MOND, in contrast, makes precise and accurate predictions for individual galaxies. If the distribution of stars and gas in a galaxy is known, Milgrom’s law allows us to calculate what its rotation curve should look like, down to bumps and wiggles. These predictions are routinely confirmed observationally.
While a modified gravity law offers a conceptual explanation for why such predictions work, the underlying, extremely tight correlation is purely empirical and independent of MOND. It has been termed the Radial Acceleration Relation (RAR). One can not stress enough how fascinating it is that the distribution of baryons (stars, gas) in a galaxy uniquely predicts the galaxy’s dynamics. This observational fact must be understood in any model of the Universe, especially in Dark Matter models in which such predictability is not necessarily expected.
Nevertheless, MOND does have problems if applied beyond the regime of galaxies for which it was developed. An example is galaxy clusters, large agglomerations of galaxies that even in MOND appear to require the addition of Dark Matter to be bound structures (albeit of only a factor of about two compared to the ordinary matter). A related issue is colliding galaxy clusters such as the Bullet Cluster, in which the mass distribution inferred from gravitational lensing also appears more consistent with the presence of Dark Matter than with a modified gravity interpretation. However, what is often neglected in discussing this issue is that the clusters’ collision speed is surprisingly high for Dark Matter cosmology, but more reasonable in MOND. The Bullet Cluster thus neither uniquely supports nor uniquely falsifies either of the two competing concepts.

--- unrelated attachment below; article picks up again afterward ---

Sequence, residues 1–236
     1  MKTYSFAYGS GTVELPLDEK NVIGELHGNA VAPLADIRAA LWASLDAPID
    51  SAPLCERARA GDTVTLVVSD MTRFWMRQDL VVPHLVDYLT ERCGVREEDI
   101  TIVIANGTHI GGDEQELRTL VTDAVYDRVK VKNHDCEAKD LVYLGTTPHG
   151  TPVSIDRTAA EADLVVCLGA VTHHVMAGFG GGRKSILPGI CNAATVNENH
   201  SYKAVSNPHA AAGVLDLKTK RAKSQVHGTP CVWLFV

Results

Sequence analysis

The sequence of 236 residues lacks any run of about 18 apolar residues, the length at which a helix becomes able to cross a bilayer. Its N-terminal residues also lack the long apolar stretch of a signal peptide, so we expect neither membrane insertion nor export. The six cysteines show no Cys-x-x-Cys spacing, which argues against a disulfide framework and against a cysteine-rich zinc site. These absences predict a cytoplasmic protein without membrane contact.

In a sense, Dark Matter and MOND have distinct regimes of applicability. The former is more successful on larger scales, while the latter is most successful on smaller scales, being able to predict galaxy dynamics and also offering an explanation for several observed scaling relations between galaxy properties. Once we attempt to expand the models beyond their respective regimes of primary applicability, problems appear. Dark Matter models suffer from a number of “small-scale problems” on the scale of galaxies and their satellite galaxy populations. MOND cannot be successfully applied to large systems of galaxies or the universe as a whole.